Ok, so what are we to do with this sacred library then? How are we called to engage these words?  The texts we’ve highlighted today show God imploring us to keep them close, to make them a regular part of our rhythm of life, to study them together, and to teach them to the next generation.  These are our stories, the story of our people, we should make every effort to know them. The more of it we know, the more connections we can make across its pages, the richer the stories become, the promises of God are even more pronounced. It is only within the past 500 years that we are lucky enough have these stories available to us in languages we can understand. We are lucky to live in a time and place, when the cost and availability of bibles make these words relatively easy to obtain.  Even a generation or two ago, it would be rare to have more than a single bible to share as a household.

All this is to say that if we are to be followers of Christ, we should be reading the sacred texts that point us toward God. Reading the bible regularly, whether daily or some other rotation, grounds us in this story that is so much bigger than us.  It creates for us a foundation a faith as it helps to reveal our true foundation in God. As we’re reading and as we seek to understand what we are reading, we have to keep a few things in mind. Every one of the books in this library has a context – it comes from a particular place and time and its author has a particular message they hope to communicate.  Imagine you’re watching a sitcom from 30 years ago. it will probably reference news headlines from that era, but looking back on it now you’d have to work to research the details of that news story to really “get it” and even then it’s never quite the same as having lived in the time of that story or watching the scene when it first aired. And as you watch it, you know that its intention is to present you with a mixture of truth and absurdity that make you laugh. But all that also depends on your own sense of humor and your own perspective. Likewise, we can not help but have some of our own biases in the mix when we read the Bible, even with our best efforts to remain impartial and informed. But we come back to the texts, again and again, to discover more and more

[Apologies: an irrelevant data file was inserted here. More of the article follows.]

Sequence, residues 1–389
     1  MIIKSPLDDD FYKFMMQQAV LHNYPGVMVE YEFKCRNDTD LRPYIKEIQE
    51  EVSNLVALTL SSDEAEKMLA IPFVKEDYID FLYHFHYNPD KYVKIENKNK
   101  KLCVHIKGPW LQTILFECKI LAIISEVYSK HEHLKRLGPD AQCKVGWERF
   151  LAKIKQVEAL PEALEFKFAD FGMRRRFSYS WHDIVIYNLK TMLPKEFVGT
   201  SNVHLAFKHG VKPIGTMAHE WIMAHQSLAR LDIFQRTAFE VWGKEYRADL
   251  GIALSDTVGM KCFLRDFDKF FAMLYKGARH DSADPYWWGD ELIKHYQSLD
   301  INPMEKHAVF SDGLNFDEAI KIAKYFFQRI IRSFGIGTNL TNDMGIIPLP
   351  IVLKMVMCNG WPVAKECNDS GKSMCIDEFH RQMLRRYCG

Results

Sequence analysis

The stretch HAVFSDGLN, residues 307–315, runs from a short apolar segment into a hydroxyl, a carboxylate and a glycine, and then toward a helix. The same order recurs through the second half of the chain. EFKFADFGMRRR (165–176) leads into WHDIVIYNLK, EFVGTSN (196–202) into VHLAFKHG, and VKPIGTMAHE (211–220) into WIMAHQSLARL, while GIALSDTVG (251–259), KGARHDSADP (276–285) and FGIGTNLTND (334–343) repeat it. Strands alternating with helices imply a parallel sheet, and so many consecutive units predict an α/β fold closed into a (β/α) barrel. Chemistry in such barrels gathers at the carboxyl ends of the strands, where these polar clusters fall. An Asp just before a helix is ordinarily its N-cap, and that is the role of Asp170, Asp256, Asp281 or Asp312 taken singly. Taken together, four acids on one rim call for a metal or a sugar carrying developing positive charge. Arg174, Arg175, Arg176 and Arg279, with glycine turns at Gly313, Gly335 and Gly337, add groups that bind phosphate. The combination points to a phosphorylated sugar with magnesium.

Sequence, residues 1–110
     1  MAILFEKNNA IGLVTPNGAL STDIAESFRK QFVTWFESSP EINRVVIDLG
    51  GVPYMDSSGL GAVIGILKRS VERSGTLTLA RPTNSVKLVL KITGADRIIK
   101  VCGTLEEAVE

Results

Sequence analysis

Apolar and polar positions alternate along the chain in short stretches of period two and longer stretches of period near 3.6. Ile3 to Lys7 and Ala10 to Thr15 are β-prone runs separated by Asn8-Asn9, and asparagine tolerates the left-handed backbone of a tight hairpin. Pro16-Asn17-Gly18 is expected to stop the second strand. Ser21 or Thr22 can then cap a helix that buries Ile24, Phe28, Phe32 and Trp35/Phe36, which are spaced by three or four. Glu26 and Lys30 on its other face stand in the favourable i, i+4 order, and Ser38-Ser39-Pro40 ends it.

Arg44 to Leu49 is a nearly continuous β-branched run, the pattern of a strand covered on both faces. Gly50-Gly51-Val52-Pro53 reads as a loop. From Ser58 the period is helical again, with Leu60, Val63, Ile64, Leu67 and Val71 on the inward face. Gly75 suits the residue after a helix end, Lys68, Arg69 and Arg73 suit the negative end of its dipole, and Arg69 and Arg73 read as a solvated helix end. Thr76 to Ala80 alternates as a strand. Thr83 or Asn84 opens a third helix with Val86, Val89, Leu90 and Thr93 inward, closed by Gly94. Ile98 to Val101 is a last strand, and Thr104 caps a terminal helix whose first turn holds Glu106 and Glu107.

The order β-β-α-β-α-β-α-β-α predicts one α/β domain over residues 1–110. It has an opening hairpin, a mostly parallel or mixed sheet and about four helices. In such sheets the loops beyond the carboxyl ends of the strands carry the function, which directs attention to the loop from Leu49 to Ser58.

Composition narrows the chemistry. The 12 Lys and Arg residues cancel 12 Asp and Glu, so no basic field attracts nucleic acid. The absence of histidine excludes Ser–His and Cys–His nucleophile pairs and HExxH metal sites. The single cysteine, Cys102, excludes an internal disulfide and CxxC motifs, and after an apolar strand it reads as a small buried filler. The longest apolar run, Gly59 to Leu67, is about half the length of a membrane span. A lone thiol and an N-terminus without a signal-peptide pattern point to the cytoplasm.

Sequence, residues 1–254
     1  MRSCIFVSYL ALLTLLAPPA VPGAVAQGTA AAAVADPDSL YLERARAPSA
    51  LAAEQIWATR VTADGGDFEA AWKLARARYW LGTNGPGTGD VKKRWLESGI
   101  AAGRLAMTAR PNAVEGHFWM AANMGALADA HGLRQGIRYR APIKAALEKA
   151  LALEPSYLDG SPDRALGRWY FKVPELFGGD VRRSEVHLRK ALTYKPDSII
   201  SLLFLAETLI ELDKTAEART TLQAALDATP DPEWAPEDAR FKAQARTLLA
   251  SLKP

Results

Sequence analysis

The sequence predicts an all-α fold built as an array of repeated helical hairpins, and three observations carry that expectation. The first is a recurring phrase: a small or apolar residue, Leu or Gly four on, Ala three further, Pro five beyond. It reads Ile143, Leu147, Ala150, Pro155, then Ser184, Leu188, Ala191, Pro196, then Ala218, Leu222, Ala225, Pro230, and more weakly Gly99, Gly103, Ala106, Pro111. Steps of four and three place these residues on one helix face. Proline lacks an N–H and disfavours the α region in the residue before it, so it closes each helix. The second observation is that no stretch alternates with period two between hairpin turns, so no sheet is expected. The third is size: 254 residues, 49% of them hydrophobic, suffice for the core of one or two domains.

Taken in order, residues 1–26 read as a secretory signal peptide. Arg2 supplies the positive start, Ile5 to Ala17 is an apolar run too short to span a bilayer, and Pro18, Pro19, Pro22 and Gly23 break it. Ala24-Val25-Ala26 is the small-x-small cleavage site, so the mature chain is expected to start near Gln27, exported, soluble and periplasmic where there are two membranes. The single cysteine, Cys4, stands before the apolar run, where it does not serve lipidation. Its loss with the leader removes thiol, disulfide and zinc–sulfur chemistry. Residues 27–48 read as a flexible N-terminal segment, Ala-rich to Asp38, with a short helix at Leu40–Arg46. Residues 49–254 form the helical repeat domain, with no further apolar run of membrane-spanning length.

We grow in Christian maturity when we read these words often, but also when we read them with others.  Reading the bible in community helps us to see things we might otherwise have missed. Even when we think we fully understand a piece of scripture, we always have more to learn through what God is saying to us in the wisdom and perspective of others. When we read the bible on our own throughout the week, we have thoughts and questions we can reflect on when we come together in weekly worship.


As we read the holy scriptures in this way, we practice a spirit of openness to how God is speaking the word still. We read with expectation, keeping a look out for what God is speaking into being now.  This is what the Word does. It creates, it becomes embodied, it activates us, it stirs us up. God, through the Word, does not leave us the same as before. When we read the bible we can ask ourselves, what is God saying to me here?  These stories aren't just folklore to be passed down they actively affect us. They shape us and our world. They give us and all of creation a holy hope in what was, what is, and what will be.

This is all well and good to talk about but when beginning a new practice, I need real tools to support me.  So I want to share with you a few things that you might find helpful to really make this a part of your rhythm of life.  How about this, make it a commint for at least week, and then you can extend your goals from there. Start with something achievable.